The "Hissy Fit" Continues

As of this morning, March 9, 2020, we are witnessing a continuation of the "hissy fit" in markets that we wrote about last week.  Within a few moments of the market open, markets were halted across the board on the NYSE and NASDAQ due to "circuit breakers" that kicked in when the market dropped 7% in the session.  Since that time, markets have stabilized a bit and have been somewhat orderly since reopening, now down about 5%.

Of course, those values can change in a heartbeat as markets in this type of environment can move wildly in very short periods of time.

It is notable that today is the 11the anniversary of the market bottom during the 2008-2009 financial crisis.  That bottom happened on March 9, 2009.  Is this the bottom of this decline?  We have no idea.

The S&P 500 at this point is down over 16% from its highs set just recently on February 19, 2020.  Factoring in the low hit today, the market was down almost 19% at that point from its highs.  It would seem this selloff, rapid as it has been, may be getting close to its last leg down.

As we previously stated, we expected a correction in markets could happen at any time and have been warning our investors that such an occurrence was normal, and healthy.  Clearly this has gone further than the typical "garden variety" correction, but it is certainly not unprecedented.  In fact, as recently as the fourth quarter of 2018 the markets experienced a similar selloff.  In that instance, the markets recovered relatively quickly and 2019 was one of the stronger market returns in years.  We expect this correction will be similar.

The culprit has clearly been the reaction the world has had to the fear of the coronavirus outbreak, although this morning, the trigger was also the spat between Russia and Saudi Arabia over their failed attempt to collude on oil production.  This has sent oil prices (already off considerably from recent highs) down over 30% in the session.  Consequently, we are seeing further panic over what all these factors will mean for global economic growth.

We have not changed our view from that of last week; we think the reaction has been overblown from almost all angles.  We believe the panic due to this virus has been much more damaging than the virus itself and we believe that when the dust settles that point will be proven.  As for crude oil prices, one can make an argument that lower prices are good for economic growth just as much, if not more, than one can argue lower prices are bad for economic growth.  Simply put, market forces will sort this out and it will likely not factor that much in the overall economy.

We have a saying in our shop "we don't do the market".  What we mean by that is we don't make market calls as a factor in determining what companies we want to own.  We believe that analyzing the business in which our companies participate is much more useful in determining how long term value is created.  On that front, we are extremely pleased with the progress our businesses are making.  Keeping focused on the business centers us and keeps us confident when the market is having one of its hissy fits (or panic attacks, as the case may be).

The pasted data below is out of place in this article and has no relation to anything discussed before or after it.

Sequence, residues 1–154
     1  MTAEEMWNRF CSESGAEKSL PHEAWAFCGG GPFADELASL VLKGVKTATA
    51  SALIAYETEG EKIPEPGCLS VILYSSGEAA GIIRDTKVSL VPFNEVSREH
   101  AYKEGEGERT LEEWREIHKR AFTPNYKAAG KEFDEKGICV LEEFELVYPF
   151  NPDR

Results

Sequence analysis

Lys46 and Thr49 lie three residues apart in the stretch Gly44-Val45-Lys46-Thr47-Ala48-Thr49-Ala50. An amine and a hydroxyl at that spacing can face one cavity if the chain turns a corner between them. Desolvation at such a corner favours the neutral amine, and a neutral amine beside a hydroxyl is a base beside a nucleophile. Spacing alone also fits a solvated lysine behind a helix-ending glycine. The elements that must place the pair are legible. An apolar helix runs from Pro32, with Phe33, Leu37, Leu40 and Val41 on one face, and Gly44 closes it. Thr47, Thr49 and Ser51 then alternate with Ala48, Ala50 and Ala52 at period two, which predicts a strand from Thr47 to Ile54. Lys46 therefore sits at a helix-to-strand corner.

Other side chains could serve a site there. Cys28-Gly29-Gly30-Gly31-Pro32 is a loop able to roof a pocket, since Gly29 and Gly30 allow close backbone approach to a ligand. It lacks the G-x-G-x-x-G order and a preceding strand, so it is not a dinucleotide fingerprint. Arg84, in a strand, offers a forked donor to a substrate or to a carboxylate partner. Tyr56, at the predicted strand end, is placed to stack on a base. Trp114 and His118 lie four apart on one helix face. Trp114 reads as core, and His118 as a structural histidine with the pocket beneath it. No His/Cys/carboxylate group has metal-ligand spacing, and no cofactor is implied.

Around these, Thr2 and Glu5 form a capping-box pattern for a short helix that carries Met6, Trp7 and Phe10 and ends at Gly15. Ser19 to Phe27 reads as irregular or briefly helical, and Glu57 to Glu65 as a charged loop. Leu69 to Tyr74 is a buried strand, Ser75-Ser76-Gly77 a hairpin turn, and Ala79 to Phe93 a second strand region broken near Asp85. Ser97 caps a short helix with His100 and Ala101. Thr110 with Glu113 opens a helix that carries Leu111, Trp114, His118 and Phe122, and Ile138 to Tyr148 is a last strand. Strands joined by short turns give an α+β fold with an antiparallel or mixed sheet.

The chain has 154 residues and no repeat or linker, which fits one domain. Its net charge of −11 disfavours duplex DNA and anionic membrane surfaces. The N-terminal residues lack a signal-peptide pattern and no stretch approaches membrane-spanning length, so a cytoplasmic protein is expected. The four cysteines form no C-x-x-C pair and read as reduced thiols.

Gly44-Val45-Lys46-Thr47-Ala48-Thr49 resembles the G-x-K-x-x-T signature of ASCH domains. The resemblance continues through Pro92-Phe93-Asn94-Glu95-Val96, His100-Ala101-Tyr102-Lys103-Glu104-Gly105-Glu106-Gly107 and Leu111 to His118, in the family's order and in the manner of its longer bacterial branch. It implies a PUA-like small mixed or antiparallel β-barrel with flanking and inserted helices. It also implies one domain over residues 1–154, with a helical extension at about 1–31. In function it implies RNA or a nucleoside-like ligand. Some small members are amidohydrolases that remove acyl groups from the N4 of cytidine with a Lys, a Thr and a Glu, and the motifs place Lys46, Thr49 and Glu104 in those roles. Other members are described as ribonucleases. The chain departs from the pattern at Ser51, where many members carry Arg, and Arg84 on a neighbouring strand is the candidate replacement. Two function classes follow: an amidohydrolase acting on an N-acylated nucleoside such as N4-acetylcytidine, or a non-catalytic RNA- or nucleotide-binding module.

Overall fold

Not doing "the market" doesn't mean we pay no attention to market prices.  Quite the contrary, we believe smart investors can take advantage of downturns like this and add to their investment accounts.  We urge investors to start making such additions if they haven't already.  Additionally, we look at these downturns as opportunities to add to positions in our portfolio and often add new positions when they are "on sale".

Lastly, we would hope that cool heads will prevail in this mess.  The "crisis" industry (the media) is having a field day playing on fears.  However, in our view, reactions that have included cancelling events and telling everyone to stay home is irresponsible.  Unfortunately, the exact opposite is what organizers of these events think.  In monitoring the statements from the Center Disease Control and the World Health Organization, the folks who have succumbed to this virus are sickly and elderly in almost all cases.  The incidence of this disease causing death is about the same as the flu, and the overall numbers are drastically lower as the flu has already claimed tens of thousands of lives this year, as it does every year, and yet we don't have this type of reaction to the typical flu that comes around like clockwork every year.

As we have previously stated, this is not to understate the effects of this virus on anyone afflicted by it.  However, we believe rationality is in order, to say the least.  To that point, we also hope that policy makers do not overreact either.  We have long argued the the "crisis mentality" that has been a hallmark of the 21st Century in reaction to the "crises" that this century has experienced, has served to cause more problems than it has solved.  Level-headed calm is what is needed in times like this.  Policy-makers will do well to be the leaders in acting rationally.

We've been through many of these periods in the past and will come out of this one just as favorably as we did the previous episodes.  As our mentor Dick Taylor used to say all the time: "on any given day, about 1% of shareholders price our companies.  Don't let 1% of shareholders tell you what your companies are worth!"

Good advice from a sage and successful investor.  We heed that advice!

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